Tuesday, May 14, 2013

Road to Becoming a Legal Resident in Argentina

 Watch the video interview "Becoming a Permanent Resident of Argentina"
After nearly a year in Argentina, my spouse has finally become a legal resident. Getting the paperwork processed in Cordoba's Immigration Office was easy, but getting all the paperwork together, legalizing it, and translating it was a major hassle.

As I mentioned in an earlier post, we had never heard of an apostille until we moved to Argentina, and by that point it was too late. We were faced with two options. We could either pay a company in the United States an insane amount of money to add apostilles to my spouse’s documents or we could return to the States, get all our paperwork in order, and return to Argentina once the task was complete. Unfortunately, we only had enough money to send one of us back and my spouse volunteered to go. 

Watching him leave on his own back in December, three weeks before Christmas, was heart wrenching, but this isn’t the first time we’ve had to part ways in order to go on a life changing quest. It’s been a recurring theme in our twelve-year relationship, but ironically the pain and anxiety of the separation always hits us hard.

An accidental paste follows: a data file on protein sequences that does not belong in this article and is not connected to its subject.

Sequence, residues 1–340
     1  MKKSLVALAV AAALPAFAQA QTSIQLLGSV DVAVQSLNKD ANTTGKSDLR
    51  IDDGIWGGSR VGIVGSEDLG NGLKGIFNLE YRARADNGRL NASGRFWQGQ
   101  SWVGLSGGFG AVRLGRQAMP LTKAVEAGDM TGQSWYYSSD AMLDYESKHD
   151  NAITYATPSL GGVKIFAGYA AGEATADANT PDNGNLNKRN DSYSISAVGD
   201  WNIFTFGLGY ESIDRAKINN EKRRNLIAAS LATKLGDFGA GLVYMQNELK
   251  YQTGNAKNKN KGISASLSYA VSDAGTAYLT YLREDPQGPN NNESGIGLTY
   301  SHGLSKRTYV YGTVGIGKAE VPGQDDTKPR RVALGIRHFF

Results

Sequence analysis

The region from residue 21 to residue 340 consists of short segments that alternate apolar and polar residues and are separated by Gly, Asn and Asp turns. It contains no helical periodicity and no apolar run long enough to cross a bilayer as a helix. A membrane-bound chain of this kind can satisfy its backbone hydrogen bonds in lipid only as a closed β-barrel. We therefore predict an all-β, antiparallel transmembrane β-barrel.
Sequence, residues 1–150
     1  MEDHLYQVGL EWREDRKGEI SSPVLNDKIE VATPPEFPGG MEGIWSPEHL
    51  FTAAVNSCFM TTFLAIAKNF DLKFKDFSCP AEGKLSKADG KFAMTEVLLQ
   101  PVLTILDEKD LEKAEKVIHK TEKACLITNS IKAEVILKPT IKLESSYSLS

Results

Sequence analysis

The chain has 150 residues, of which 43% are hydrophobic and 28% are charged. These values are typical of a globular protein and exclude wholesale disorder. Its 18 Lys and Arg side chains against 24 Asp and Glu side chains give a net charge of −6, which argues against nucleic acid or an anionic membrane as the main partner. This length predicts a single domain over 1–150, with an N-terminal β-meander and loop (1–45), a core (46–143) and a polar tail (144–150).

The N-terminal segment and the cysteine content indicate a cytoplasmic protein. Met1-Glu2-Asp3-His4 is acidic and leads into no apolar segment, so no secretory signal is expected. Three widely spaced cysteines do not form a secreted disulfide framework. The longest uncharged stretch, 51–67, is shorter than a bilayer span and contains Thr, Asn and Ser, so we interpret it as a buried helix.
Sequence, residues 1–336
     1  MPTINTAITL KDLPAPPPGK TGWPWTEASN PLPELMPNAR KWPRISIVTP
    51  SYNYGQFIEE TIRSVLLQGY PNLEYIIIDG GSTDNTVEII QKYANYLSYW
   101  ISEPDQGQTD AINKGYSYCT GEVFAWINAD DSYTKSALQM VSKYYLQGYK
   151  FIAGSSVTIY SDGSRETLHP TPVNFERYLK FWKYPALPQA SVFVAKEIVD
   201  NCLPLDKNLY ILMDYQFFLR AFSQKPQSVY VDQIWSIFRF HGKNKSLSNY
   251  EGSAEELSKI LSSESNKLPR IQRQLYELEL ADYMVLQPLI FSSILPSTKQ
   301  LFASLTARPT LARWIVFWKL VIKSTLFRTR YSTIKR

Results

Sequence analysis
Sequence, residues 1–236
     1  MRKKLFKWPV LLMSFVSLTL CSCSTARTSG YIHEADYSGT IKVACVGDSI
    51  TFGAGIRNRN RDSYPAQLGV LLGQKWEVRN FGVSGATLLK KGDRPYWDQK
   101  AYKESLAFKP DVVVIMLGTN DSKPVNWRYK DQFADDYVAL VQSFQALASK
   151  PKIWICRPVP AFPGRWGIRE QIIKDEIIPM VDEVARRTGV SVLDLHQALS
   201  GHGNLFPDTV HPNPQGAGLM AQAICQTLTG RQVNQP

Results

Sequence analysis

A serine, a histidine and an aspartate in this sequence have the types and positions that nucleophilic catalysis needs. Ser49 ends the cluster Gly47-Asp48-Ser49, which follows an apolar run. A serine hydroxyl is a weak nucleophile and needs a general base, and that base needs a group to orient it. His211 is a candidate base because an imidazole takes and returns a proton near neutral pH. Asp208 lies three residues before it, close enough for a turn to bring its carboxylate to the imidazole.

This trip worked out well for him though. Not only was he able to get all the paperwork notarized and apostilled, but he was able to spend some quality time with his family and properly say goodbye to them. 

After two months, which included the first Christmas and New Year’s that we hadn’t spent with each other ever, he returned to Cordoba with the paperwork and two pieces of luggage full of items we had left behind the first time we left the States.

Shortly after his return, we began translating and legalizing the apostilled documents at the Colegio de Traductores Publico in Cordoba. After everything was complete, we got our immigration appointment, and a month later we presented all of my spouse’s paperwork.
I’m happy to report that three weeks later, we received his DNI card (the equivalent of a social security card in the U.S.) in the mail. He is now a permanent resident of Argentina, and with this residency, he can legally find work, open up a business, and have a better future.